I also had to hack in using PUTTY because the browser-delivered SSH wouldn't connect properly. Once I had one session established and terminated via PUTTY, the browser version started working. But then the workbench wouldn't function correctly and I was advised by the community to download an update to the software, which borked the SSH and the workbench.

    I finally got the SSH working again and the workbench working for the first time by knowing the secret browser gotcha - the list of acceptable browsers was bollocks and the only one that would work properly was Chrome.

    Then I tried bringing up the BBB with a standard video/keyboard/mouse as a console rather than headless via USB. More trouble as the BBB won't play with the HDMI - VGA converter that works perfectly with the Pi. At work we have archaic equipment and I wanted to do a lot of this stuff in lunch breaks. Oh well.

    I have to say that given the number of expensive extras I had to buy just to get the BBB to fire up - mico SD card that was just so big and no bigger or it wouldn't boot, special cables for video hook-up because placement of sockets on board mean that adapters to re-size mini-connectors to the easier to find regular size cannot be used and so forth - coupled with the misinformation on the "help" pages and the unworky SSH (which I am certain is down to a config file problem) , I'd advise anyone not needing the promise of the awesome power of the BBB to use a different platform like a Pi, which is comparatively a doddle to get up and running.

  • I just thought I'd pop in and tell you guys that I did, eventually, effect repair and get the sequencer running. In the meantime I bought another which works perfectly in the default mode. I haven't put in the headers so it can be reprogrammed yet.

  • "Now this is crucial if you want to avoid serious injury: before you throw the third switch be sure to stand on a thick rubber mat to reduce the chance of shock in the event the internal capacitance of the monster causes violent flashback in the knife switch and throws you across the lab, otherwise you might end up with a useless left arm like me."

  • Automotive tool dealerships often carry a purpose-made "spade connector" crimping tool (often packaged with a bajillion different spade connectors to try it out on).

    But like Omnikrys says, the "crocodile jaw" wire stripper can be used to do the job quite nicely.

    The only difference between my crimper and my wire stripper is that the wire stripper works like a pair of pliers with the handles on the opposite side of the pivot to the jaws o' crimping, whereas the crimper has longer handles and the crimping jaw is on the handle side of the pivot, making for less precision but more brute force.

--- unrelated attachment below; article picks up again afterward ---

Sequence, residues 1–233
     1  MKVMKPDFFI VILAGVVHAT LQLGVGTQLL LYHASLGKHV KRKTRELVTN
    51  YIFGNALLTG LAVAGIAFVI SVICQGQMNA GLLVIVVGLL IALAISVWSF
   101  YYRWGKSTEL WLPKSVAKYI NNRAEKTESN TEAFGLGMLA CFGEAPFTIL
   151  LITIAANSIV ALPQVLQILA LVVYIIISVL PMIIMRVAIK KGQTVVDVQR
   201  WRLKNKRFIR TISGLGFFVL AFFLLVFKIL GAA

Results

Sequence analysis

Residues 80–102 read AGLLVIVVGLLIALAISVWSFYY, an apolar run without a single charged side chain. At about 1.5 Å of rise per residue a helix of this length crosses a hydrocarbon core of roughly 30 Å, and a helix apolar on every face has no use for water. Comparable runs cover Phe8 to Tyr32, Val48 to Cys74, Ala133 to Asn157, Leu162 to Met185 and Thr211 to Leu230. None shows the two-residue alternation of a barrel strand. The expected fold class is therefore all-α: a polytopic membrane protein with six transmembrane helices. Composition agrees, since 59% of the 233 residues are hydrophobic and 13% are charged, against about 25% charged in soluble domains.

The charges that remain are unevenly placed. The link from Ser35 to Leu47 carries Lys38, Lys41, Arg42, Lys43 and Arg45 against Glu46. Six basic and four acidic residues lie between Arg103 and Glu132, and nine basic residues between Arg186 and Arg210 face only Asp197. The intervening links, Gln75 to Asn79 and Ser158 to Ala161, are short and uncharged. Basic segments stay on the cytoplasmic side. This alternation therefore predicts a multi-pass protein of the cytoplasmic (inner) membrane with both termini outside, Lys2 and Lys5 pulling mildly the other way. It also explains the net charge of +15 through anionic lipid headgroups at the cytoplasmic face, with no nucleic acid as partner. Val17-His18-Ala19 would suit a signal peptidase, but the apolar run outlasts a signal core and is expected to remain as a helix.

• I was using the 12 volt inverter you guys sent me a couple of weeks ago, which I adapted to purpose by fitting a sequencer compatible jumper to the DC power input side. This has been verified as properly polarized by experiment outside of the sequencer board.

    Power was being derived from a 12v (alarm system/ups type) lead acid gel battery that has given good service driving other inverter-driven effects (I'm planning on incorporating sequenced EL Wire in an existing steampunk prop). I installed a temporary (but securely attached) jumper to sj1 for the test run, which ran for about two minutes with some odd artifacts before the Zap O' Disappointment was heard.

    Bridging between the center contact of the switch and the cross-connected input of the mic5219 lights power-up LED from USB-derived volts (haven't tried with 12v). Repair is proving challenging owing to proximity of a socket to the damaged area.

    As for the location: If you study the picture of the plan view of the component side of the board on this page (the middle pic), to the right there are three white sockets for input DC power, DC inverter supply out and inverter AC in jumpers. Directly above the uppermost socket (as viewed in the picture) you can see where the PCB track from the center pin of the USB/BATT switch dips down, around the rightmost switch terminal on its way to the mic5219. Where that track appears to touch the white socket is where the damage occurred, and the straight section ducking around the switch is pretty much severed and lifted from the board now.

    There was solder residue on these track ends when I cleaned the board and attempted to gently burnish the copper back into place - with a screwdriver made for replacing kneecaps on gnats - pending some sort of clever repair. (The track is far too badly dinged up though, and for a repair I may have to solder a jumper directly from the switch tab to one of the mic5219 inputs).

No public wish lists :(